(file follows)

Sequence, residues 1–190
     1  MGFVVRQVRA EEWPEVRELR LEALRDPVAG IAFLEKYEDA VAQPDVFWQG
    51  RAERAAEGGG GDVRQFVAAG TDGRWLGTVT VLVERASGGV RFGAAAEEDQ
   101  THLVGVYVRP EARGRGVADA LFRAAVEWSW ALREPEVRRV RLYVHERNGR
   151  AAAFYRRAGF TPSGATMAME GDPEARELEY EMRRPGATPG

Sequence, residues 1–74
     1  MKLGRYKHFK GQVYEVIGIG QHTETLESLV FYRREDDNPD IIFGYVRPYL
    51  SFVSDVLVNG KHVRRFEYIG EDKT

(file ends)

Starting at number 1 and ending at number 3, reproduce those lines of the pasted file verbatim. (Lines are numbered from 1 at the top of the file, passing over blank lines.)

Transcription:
Sequence, residues 1–190
     1  MGFVVRQVRA EEWPEVRELR LEALRDPVAG IAFLEKYEDA VAQPDVFWQG
    51  RAERAAEGGG GDVRQFVAAG TDGRWLGTVT VLVERASGGV RFGAAAEEDQ